As our warrior robot drones eradicate evil -- or at least "militancy" -- from above, the Suicide Army of the East vows to keep blowing itself up until we call them off.
This is not the plot of a bad sci-fi thriller. It's page one of the New York Times, described, as ever, with a sober politeness that doesn't quite do justice to geo-insanity's latest thrilling mutation:
"Despite threats of retaliation from Pakistani militants, senior administration officials said Monday that the United States intended to step up its use of drones to strike militants in Pakistan's tribal areas and might extend them to a different sanctuary deeper inside the country.
"On Sunday, a senior Taliban leader vowed to unleash two suicide attacks a week like one on Saturday in Pakistan's capital, Islamabad, unless the Central Intelligence Agency stopped firing missiles at militants."
And by the way: "Pakistani officials have expressed concerns that the missile strikes from remotely piloted aircraft fuel more violence in the country, and some American officials say they are also concerned about some aspects of the drone strikes."
What has ever mattered less to the war machine than "concerns" . . . that robot killers don't win friends, that violence, perhaps, is counterproductive? Women, children, collateral damage, blah blah blah. Sen. Carl Levin, Michigan Democrat, head of the Senate Armed Services Committee, good-guy-turned-war-enabler, "acknowledged," as the Times put it -- or as I might say, channeled every morally compromised spokesperson who ever equivocated in the name of George Bush, Adolf Hitler or Attila the Hun -- that "the price is very heavy."
Now we know.
But alas, as Levin went on to explain, drone-fired missiles are "an extremely effective tool." And really, they're no more than a technical update of the innovation that allowed the English to slaughter French noblemen at the battle of Crecy in 1346 and ushered in modern, impersonal warfare: the longbow. One difference is that the dead at Crecy were all soldiers.
In any case, "The principle . . . is action at a distance," Barbara Ehrenreich points out in "Blood Rites," her 1997 study of the roots of war. And action at a distance, as Sen. Levin could explain to you, has the advantage of allowing the heavy price to be paid only by the other side.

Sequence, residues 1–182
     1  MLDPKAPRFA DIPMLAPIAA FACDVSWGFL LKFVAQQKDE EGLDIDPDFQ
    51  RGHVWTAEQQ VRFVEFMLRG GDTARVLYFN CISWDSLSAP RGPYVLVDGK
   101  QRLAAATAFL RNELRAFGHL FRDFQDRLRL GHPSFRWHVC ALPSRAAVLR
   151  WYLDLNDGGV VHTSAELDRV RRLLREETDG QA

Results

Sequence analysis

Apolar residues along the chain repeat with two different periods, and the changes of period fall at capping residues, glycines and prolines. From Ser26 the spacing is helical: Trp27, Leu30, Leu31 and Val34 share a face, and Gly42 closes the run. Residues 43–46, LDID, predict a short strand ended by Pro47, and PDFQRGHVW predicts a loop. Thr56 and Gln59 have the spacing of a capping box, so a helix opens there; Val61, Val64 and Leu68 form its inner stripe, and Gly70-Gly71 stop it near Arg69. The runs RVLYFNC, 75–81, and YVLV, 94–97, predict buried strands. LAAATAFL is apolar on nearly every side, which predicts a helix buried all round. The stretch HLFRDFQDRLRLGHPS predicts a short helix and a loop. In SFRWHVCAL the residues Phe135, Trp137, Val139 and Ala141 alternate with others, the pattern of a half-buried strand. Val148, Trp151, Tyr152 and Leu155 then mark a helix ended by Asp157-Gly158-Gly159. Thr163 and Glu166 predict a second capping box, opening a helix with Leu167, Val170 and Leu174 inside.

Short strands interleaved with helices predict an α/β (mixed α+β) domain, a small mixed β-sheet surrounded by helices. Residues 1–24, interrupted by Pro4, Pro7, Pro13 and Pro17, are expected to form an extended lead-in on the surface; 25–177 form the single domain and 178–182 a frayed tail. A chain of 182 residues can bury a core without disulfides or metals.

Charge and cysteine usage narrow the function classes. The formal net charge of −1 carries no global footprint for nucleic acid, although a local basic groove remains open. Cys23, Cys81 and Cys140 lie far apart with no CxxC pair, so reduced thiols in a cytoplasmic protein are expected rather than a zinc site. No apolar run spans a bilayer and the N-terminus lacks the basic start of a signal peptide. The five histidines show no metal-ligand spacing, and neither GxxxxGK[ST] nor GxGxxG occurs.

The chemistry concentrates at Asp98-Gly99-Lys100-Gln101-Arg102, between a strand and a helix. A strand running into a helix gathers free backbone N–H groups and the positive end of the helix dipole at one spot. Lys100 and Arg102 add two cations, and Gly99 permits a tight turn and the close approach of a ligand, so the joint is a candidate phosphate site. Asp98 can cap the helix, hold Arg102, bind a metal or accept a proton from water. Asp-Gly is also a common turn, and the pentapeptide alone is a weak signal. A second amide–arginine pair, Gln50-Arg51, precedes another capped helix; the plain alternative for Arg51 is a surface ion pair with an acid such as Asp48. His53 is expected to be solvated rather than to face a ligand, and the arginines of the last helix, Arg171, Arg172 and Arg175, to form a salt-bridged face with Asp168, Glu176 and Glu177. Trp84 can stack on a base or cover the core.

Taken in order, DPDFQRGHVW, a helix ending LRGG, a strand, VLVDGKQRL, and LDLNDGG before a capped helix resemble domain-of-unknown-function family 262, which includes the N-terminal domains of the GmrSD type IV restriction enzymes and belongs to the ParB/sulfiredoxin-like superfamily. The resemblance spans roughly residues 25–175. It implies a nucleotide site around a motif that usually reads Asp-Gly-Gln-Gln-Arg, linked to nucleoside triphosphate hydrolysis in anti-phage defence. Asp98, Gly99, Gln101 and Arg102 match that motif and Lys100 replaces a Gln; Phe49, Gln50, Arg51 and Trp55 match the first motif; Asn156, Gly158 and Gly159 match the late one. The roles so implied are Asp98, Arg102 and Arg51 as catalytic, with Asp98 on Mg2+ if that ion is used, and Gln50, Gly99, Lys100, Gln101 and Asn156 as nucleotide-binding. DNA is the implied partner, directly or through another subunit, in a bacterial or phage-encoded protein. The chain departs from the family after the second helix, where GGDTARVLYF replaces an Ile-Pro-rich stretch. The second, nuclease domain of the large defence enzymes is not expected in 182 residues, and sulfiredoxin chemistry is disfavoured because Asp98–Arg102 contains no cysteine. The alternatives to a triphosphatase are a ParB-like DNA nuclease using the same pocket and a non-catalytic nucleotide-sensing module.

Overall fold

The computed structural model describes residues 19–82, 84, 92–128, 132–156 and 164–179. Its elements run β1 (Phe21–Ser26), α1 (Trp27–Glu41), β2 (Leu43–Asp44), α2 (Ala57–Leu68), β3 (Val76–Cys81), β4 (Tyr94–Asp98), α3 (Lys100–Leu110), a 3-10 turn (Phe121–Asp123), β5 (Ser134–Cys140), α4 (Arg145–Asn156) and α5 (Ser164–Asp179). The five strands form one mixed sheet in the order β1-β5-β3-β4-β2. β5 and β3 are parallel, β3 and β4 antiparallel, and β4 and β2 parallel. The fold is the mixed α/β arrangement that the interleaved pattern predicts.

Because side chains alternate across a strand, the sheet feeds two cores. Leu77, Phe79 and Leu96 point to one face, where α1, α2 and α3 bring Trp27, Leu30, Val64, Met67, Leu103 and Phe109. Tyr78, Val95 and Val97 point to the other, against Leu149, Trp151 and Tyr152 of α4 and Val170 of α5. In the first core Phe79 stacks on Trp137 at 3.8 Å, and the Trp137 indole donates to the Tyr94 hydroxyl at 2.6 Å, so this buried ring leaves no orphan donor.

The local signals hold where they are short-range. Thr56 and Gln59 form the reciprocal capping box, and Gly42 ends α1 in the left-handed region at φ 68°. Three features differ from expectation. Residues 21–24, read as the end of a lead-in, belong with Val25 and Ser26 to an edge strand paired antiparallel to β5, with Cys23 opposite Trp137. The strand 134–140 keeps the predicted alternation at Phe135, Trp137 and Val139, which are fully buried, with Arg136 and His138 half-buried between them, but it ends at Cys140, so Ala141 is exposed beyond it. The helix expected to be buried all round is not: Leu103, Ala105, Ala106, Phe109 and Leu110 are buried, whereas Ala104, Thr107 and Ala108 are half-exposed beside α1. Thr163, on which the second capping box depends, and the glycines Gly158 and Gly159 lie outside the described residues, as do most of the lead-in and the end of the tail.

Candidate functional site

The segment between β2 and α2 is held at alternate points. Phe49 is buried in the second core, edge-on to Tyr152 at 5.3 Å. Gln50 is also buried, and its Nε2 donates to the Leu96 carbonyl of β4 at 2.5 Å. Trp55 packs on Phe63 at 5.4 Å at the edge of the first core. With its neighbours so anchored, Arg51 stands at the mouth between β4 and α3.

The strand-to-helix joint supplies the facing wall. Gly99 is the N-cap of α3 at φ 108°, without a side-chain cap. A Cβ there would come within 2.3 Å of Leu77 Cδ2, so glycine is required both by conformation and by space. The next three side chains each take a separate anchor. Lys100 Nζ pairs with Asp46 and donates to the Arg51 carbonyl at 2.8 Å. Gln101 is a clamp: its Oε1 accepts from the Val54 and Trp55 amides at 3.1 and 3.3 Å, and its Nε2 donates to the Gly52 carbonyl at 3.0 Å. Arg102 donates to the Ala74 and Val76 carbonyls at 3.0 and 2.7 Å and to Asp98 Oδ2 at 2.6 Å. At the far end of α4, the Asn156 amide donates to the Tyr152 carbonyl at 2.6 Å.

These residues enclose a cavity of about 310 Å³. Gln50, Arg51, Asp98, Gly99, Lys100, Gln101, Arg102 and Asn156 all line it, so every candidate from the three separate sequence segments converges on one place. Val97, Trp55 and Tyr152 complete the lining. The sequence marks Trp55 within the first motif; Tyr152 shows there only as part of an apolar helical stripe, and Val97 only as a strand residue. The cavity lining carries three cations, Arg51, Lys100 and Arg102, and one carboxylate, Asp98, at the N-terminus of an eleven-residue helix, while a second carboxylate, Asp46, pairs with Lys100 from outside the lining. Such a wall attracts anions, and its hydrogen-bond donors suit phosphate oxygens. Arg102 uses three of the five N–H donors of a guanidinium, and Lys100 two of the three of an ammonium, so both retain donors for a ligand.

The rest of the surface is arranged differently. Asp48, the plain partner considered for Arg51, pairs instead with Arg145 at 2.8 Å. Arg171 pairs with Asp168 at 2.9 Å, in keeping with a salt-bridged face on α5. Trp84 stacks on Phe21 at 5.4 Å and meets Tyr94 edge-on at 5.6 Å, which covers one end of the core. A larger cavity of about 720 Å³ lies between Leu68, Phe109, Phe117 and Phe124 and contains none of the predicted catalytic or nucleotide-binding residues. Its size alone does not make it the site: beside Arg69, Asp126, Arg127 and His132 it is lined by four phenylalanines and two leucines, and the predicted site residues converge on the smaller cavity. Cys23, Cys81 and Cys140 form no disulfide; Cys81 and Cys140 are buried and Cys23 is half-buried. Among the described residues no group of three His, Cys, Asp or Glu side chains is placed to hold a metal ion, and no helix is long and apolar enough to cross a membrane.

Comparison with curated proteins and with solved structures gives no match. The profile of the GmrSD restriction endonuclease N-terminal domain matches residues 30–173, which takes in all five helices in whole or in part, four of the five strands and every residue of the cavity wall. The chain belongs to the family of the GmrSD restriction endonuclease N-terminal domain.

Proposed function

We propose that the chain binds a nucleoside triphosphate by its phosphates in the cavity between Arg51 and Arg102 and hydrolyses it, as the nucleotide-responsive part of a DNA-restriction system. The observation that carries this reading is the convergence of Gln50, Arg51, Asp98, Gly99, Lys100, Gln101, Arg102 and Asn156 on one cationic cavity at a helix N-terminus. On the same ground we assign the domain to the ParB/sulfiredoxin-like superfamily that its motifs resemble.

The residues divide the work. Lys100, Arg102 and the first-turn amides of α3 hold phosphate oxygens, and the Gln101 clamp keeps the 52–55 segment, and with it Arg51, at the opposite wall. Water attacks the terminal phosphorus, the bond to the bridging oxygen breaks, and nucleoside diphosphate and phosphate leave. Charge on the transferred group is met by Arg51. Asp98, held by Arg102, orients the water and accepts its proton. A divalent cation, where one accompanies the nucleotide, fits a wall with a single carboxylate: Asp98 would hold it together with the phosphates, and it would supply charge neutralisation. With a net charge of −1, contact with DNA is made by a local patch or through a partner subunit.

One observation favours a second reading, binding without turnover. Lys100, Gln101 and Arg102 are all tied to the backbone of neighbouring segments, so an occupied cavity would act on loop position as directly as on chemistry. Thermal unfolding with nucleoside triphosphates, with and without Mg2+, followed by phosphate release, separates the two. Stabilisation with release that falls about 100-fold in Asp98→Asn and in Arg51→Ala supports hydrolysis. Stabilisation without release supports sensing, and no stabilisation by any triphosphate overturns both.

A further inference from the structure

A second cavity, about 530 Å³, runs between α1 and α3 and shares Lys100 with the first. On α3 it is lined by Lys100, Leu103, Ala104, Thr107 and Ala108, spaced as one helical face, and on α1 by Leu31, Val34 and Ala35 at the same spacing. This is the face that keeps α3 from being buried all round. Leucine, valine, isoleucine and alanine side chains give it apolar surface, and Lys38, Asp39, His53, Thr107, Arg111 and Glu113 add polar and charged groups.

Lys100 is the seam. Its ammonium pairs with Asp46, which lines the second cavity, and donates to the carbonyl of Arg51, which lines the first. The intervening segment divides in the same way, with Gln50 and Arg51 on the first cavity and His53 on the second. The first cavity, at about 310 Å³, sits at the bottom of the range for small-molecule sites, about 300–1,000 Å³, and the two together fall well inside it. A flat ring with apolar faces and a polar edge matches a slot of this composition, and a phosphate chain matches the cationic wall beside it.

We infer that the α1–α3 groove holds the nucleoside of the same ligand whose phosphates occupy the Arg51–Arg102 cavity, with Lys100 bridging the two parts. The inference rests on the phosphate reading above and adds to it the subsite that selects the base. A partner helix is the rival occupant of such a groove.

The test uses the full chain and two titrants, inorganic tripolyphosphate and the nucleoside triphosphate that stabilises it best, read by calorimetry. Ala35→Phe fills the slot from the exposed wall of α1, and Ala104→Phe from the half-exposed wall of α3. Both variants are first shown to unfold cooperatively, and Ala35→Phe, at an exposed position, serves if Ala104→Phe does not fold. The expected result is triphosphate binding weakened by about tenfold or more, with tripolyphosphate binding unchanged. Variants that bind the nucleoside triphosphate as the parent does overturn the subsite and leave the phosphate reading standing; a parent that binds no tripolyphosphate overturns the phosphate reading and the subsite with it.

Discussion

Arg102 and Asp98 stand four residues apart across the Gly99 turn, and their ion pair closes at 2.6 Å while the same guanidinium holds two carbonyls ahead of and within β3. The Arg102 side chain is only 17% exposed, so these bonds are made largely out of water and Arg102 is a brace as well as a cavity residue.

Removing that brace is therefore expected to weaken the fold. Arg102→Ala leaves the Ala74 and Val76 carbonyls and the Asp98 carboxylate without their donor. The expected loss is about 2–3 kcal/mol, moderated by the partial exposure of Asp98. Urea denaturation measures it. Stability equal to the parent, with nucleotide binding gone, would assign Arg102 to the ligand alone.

To wit: "As many as 1 million people have fled their homes in the Tribal Areas to escape attacks by the unmanned spy planes as well as bombings by the Pakistani army," London's Sunday Times reports, describing the situation on the Af-Pak border as "a massive humanitarian emergency."
Our longbows are flattening villages. Furthermore, while "Pakistani forces say they have killed 1,500 militants since launching anti-Taliban operations in Bajaur (Pakistan) in August," the Sunday Times story continues, "locals who fled claim that only civilians were killed." History, common sense and objective analysis, even by the U.S. military, make clear that the tactics the U.S. is using -- first with Bush at the helm, now with Barack Obama -- are fostering hatred of the West and strengthening the Taliban.
All of which does nothing but make the point I've already made, that the war on terror that President Obama says he wants to widen, and win, in Afghanistan, is insane. Since Obama is neither insane himself nor indebted politically to a base that is, the enormous post-inaugural question we are now wrestling with is: Why is he pursuing it? And why are the Democrats so intent on fracturing their party in the pursuit of a war that is flawed at its core, just as they did in the '60s?
To quote from a comment made on Common Dreams in response to a piece I wrote last week about the new president and the war: "Demopublicans and Republicrats only see a narrow world of $elf-intere$t run by their corporate ma$ter$ who call the $hot$."
Well, OK. I concede a piece of the truth to this viewpoint -- but fear that there is no pure, chaste and financially uncompromised route to the American presidency. Lincoln, the Obama role model, was, after all, something less than an abolitionist when he got elected. He was a man of his time -- only slightly off the racist political center of the day -- but wound up altering the course of history.
Obama's trajectory is not on a collision course right now with the entrenched insanity of war. He's trying to make peace with this insanity and wage the "softer," PC war that Democrats prefer, building schools as well as blowing them up, going out of his way to say positive things about Muslims, etc.
But he's still operating on the assumption that a robot war, which kills just as randomly and far more prolifically than suicide bombings in public squares do, can root evil out of its cave and secure U.S. and, while we're at it, world peace. History is waiting to tell him otherwise.
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Robert Koehler, an award-winning, Chicago-based journalist, is an editor at Tribune Media Services and nationally syndicated writer. You can respond to this column at email@example.com or visit his Web site at commonwonders.com.
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